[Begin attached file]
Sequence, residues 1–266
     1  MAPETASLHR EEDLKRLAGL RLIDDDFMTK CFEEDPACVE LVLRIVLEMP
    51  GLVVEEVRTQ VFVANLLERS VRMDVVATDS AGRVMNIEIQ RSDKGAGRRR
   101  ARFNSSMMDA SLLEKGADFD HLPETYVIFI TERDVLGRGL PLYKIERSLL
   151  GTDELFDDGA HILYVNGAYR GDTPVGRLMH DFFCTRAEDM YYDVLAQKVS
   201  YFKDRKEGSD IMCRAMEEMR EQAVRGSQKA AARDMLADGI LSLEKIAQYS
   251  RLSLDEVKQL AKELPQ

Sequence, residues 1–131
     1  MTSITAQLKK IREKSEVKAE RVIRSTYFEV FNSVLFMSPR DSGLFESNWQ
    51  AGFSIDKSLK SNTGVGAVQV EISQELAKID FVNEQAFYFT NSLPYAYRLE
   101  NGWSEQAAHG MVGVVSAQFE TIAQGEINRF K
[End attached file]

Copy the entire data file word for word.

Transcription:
Sequence, residues 1–266
     1  MAPETASLHR EEDLKRLAGL RLIDDDFMTK CFEEDPACVE LVLRIVLEMP
    51  GLVVEEVRTQ VFVANLLERS VRMDVVATDS AGRVMNIEIQ RSDKGAGRRR
   101  ARFNSSMMDA SLLEKGADFD HLPETYVIFI TERDVLGRGL PLYKIERSLL
   151  GTDELFDDGA HILYVNGAYR GDTPVGRLMH DFFCTRAEDM YYDVLAQKVS
   201  YFKDRKEGSD IMCRAMEEMR EQAVRGSQKA AARDMLADGI LSLEKIAQYS
   251  RLSLDEVKQL AKELPQ

Sequence, residues 1–131
     1  MTSITAQLKK IREKSEVKAE RVIRSTYFEV FNSVLFMSPR DSGLFESNWQ
    51  AGFSIDKSLK SNTGVGAVQV EISQELAKID FVNEQAFYFT NSLPYAYRLE
   101  NGWSEQAAHG MVGVVSAQFE TIAQGEINRF K